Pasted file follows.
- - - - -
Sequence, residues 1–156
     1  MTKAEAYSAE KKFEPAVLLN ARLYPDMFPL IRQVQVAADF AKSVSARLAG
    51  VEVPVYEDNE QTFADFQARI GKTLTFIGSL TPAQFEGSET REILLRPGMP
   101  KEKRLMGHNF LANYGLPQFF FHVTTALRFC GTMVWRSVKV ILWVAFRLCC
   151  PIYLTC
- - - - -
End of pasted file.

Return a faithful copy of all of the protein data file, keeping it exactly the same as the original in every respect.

Sequence, residues 1–156
     1  MTKAEAYSAE KKFEPAVLLN ARLYPDMFPL IRQVQVAADF AKSVSARLAG
    51  VEVPVYEDNE QTFADFQARI GKTLTFIGSL TPAQFEGSET REILLRPGMP
   101  KEKRLMGHNF LANYGLPQFF FHVTTALRFC GTMVWRSVKV ILWVAFRLCC
   151  PIYLTC